Though the land was in private hands, that did not stop Sydney siders from accessing and using Parsley Bay and even before the area became a public reserve, there is evidence that the area was used by the public for picnics and camping. In 1905 though, William Notting and his Harbour Foreshores Vigilance Committee lobbied the Government to provide public access to various locations around the harbour waterfront. Parsley Bay was one of these locations and in 1906 was resumed by the Government in order to create a public reserve. It was the first area of land to be secured by the Harbour Foreshore Vigilance Committee and went on to become an ever more popular area for picnicking, camping and making merry.
Recently, there has been lots of news about Freshwater Beach and the important centenary which was celebrated there on January 10th – the centenary of Duke Kahanamoku’s surfing demonstration. Yet there have been few photos which showed the beach at the time, and so The Past Present decided to share one from the collection.
Long before Europeans settled Australia Freshwater Beach was known by Aborigines who no doubt used the freshwater creek which flowed onto the beach, and after which the beach is named. Less than three months after Europeans arrived in Sydney Governor Arthur Phillip led an expedition around Manly and towards Freshwater but he is, perhaps, not the most famous man to grace the shores of the beach. This honour may well go to Duke Kahanamoku who popularized surfing in Australia. Surfing at Freshwater actually dates to before his visit with the Boomerang Camp, which was established at the beach in the early 1900s, being frequented by many locals and visitors who used the beach for Body Surfing. It was the people of this camp who established the Surf Life Saving Club at the beach in 1908 and it was also this camp where Duke Kahanamoku stayed.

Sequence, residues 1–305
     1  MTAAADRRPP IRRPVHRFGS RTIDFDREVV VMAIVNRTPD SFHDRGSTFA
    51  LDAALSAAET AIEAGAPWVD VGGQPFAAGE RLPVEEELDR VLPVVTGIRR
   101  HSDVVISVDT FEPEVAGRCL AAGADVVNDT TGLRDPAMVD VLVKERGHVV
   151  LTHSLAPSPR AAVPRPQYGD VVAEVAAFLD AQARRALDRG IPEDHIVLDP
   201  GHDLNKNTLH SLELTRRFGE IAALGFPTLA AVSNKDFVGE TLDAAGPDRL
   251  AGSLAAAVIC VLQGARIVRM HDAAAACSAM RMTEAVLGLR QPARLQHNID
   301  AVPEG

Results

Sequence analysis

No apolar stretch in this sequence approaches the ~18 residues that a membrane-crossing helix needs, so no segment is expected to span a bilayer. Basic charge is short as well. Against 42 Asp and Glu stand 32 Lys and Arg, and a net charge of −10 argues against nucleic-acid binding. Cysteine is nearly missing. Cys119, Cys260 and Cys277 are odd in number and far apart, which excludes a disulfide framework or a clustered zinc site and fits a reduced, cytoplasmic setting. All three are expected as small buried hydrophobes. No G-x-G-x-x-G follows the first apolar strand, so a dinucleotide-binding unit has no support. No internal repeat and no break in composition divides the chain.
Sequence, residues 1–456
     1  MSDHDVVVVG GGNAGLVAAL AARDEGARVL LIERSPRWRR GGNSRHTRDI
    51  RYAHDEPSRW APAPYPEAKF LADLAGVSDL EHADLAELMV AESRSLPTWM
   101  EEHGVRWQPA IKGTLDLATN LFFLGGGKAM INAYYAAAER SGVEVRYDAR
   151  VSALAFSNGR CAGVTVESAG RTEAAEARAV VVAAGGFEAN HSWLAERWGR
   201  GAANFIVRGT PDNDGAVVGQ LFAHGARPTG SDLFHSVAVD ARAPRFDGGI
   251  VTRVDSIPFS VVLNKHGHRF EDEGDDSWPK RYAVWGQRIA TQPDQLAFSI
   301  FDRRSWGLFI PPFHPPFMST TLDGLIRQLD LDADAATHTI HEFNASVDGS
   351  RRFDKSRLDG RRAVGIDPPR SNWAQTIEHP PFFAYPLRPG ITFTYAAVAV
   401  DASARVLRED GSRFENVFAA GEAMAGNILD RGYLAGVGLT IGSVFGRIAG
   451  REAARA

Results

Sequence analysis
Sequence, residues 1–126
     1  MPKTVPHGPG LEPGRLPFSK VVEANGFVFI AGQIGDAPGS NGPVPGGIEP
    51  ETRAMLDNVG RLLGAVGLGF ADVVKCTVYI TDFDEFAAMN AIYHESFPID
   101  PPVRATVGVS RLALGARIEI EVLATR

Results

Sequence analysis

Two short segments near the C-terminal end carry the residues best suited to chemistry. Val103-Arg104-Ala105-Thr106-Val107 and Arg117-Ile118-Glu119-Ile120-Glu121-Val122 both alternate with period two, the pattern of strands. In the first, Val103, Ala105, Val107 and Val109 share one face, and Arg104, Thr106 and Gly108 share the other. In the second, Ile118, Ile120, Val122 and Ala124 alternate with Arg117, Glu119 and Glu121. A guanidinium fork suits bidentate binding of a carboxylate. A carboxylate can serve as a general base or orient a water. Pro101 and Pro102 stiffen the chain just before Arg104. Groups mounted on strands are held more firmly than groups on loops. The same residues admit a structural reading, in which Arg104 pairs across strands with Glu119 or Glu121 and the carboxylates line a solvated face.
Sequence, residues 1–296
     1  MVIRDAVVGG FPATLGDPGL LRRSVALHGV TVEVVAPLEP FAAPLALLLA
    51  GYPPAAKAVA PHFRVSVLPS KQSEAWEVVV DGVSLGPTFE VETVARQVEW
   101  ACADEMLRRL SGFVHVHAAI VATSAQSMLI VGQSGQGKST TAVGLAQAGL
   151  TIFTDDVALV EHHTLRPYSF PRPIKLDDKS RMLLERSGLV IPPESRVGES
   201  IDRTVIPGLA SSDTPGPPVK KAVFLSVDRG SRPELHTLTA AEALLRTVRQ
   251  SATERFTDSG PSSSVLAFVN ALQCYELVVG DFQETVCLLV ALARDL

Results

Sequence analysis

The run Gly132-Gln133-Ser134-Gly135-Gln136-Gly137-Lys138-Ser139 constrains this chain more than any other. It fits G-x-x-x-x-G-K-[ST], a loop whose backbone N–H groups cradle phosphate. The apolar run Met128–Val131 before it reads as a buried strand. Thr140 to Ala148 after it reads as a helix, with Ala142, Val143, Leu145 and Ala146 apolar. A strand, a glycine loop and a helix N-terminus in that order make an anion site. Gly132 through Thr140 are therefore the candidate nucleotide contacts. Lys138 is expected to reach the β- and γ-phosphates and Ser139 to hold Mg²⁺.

‘The Duke’ was a Hawaiian of international renown and he arrived at Freshwater in the Summer of 1915. During his stay at the Boomerang Camp and Freshwater Beach he created a solid surfboard, crafted from local timbers and it was this which he used in his famous exhibition of surfboard riding. He paddled out on the board and returned to the beach standing tall and riding the wave. What’s more, he then selected a local lady from the crowd, Isabel Letham, who rode tandem with him on his board. She was the first Australian to ride on this type of surfboard in the Australian surf, but it was The Duke who popularised the sport.